Food photography has always been one of my favorite genres. It combines two things that I love to do – shooting and eating. 🙂 I was recently commissioned by Bono Lounge, a new Italian restaurant and cocktail lounge/bar in Tongyeong, to make photos for their menu. Here are some of my favorite shots from that day:
Huge props to chef Jo Yun Ho (조윤호) and big boss Young Jun for whipping up delicious dish after dish. They had the hardest job that day. Whether you’re craving delicious Italian food or looking to unwind with some drinks, Bono lounge in Tongyeong is a great choice. Check it out in Mujeon-dong, around the corner from Cafe Droptop.
Food photography isn’t as easy as it seems. The task of conveying the taste and appeal of a dish through a 2-dimensional image involves some extra steps that go beyond good cooking. That’s why bigger productions often have a dedicated food stylist to make the dishes look mouth-watering. However, we won’t always have a food stylist around. I didn’t have a food stylist that day and it was up to us to make the food look great on camera.
Here are a few tips and tricks to remember when shooting food:
1. Food only looks good for a short time. After a few minutes it starts to dry out, vegetables start looking limp, and the dish just loses it’s overall freshness. Shooting the dish within the first few minutes of it coming out of the kitchen will give you the best results. That means having all your lights and settings dialed in even before the first dish comes out. I asked the chef for a dummy dish so I could get everything set. Once my work area was all set up, I gave him the go signal to start cooking. From this point on it was dish in, dish out and each dish was shot within the ideal timeframe.
2. Cook for looks. This is what I told the chef during our pre-shoot meeting. Chefs know their dishes and they know exactly what to do to make the food look it’s best.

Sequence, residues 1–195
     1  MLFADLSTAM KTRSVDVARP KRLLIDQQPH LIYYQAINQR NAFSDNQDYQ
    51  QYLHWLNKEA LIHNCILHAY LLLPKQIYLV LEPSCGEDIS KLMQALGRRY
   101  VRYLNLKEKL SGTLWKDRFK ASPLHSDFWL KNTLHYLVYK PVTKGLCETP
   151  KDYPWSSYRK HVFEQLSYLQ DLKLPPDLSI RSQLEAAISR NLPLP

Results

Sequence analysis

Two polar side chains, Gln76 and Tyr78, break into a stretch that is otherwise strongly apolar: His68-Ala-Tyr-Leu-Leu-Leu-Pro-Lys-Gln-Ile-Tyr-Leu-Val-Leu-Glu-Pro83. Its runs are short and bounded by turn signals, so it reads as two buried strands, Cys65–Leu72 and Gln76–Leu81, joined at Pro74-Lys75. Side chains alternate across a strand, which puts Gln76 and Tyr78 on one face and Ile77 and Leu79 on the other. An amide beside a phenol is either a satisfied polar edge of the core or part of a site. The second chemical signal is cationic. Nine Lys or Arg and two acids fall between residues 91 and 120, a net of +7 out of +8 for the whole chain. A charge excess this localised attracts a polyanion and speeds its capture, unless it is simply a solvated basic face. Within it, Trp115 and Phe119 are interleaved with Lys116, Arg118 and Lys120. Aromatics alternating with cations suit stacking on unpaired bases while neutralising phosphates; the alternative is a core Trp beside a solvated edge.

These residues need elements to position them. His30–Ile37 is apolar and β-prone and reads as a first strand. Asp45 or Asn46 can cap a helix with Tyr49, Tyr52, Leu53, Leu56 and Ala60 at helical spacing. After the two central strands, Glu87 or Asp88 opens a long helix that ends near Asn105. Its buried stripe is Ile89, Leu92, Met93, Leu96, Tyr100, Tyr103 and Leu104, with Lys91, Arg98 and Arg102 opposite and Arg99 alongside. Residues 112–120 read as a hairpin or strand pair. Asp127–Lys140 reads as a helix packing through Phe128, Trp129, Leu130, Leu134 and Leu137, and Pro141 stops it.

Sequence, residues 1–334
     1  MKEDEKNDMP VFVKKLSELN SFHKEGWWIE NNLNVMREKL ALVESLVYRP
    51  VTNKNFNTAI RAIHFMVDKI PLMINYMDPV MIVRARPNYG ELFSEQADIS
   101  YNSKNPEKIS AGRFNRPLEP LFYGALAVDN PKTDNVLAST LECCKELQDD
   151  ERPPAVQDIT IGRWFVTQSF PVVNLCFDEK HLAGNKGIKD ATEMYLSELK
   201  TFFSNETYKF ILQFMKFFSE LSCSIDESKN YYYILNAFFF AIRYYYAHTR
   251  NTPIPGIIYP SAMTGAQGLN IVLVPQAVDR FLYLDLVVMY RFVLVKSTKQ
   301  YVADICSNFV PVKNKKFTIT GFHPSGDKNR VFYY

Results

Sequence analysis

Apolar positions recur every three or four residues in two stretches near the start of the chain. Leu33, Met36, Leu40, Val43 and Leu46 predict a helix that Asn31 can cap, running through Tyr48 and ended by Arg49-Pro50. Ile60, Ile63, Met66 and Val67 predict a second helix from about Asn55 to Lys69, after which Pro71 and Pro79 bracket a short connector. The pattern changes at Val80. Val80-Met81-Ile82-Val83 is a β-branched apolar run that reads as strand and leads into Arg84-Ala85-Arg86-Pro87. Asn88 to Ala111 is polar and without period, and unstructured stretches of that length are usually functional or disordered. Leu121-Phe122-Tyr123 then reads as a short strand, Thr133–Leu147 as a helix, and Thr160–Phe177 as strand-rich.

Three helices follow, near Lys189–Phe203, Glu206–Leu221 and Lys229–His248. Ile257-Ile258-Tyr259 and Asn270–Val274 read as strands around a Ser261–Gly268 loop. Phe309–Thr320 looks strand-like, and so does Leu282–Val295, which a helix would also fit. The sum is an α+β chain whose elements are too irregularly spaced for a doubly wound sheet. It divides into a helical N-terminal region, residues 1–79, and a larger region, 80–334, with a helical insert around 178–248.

3. Moisturize! When dishes start looking a bit dry or need a bit of freshening up, brush a bit of oil on the surface. Applying a bit of water from a spray bottle works well too.
4. Garnish and decorate with fresh, raw ingredients. Fresh herbs and fruit are awesome for enhancing food photos. They add freshness and color to the dish. For instance, adding raw basil leaves to pasta or mint leaves to cocktails will make the dish come alive on camera. In this particular shoot, we used green-leaf sprouts and parsley to enhance the pasta dishes. We also used fresh (frozen ;)) blueberries to top the blueberry pizza, as seen above. Moreover, fresh, raw ingredients are also great for styling the background, as I did in this shoot. Of course, it’s always best to use ingredients and props that are actually related to the dish or recipe. Speaking of background elements…
5. Choose your background elements carefully. It’s easy to go overboard with background props. Keep in mind the rules of composition and balance. Props should complement the main subject, not overpower it. Choose colors that complement the main subject. In this shoot, I chose a plain white surface to go with the interior design of the restaurant. Background items were a combination of ingredients and utensils related to each dish. I used an aperture of 4.0 to 8.0, depending on how in-focus I wanted the background elements. Controlling depth-of-field also helps the main subject stand out even more.
Camera and lighting:
I used a Canon 5D Mark II and EF 24-70mm f/2.8L for this shoot. I Initially wanted to use a 70-200mm for its sharpness and compression, but the minimum focus distance was not good for the space I was working in. Food is always best lit from behind to bring out the texture. My main light was a hot shoe flash inside a 28-inch soft box. Fill light was another flash at half the power of the main light going through a white umbrella. On camera left, I used a piece of white board as a reflector. Here’s the diagram:
That’s about it! Have fun shooting food and remember, if the photo makes you hungry, then you’ve succeeded. 😉